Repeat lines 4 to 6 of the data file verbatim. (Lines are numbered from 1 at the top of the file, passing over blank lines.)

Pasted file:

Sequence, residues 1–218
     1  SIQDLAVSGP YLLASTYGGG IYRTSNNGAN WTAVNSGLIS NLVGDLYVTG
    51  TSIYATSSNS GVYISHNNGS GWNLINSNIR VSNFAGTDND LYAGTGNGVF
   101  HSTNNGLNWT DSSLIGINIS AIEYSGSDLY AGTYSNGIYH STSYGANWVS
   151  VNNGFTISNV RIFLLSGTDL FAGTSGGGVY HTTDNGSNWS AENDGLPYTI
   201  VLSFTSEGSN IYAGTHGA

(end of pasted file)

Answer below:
   101  HSTNNGLNWT DSSLIGINIS AIEYSGSDLY AGTYSNGIYH STSYGANWVS
   151  VNNGFTISNV RIFLLSGTDL FAGTSGGGVY HTTDNGSNWS AENDGLPYTI
   201  VLSFTSEGSN IYAGTHGA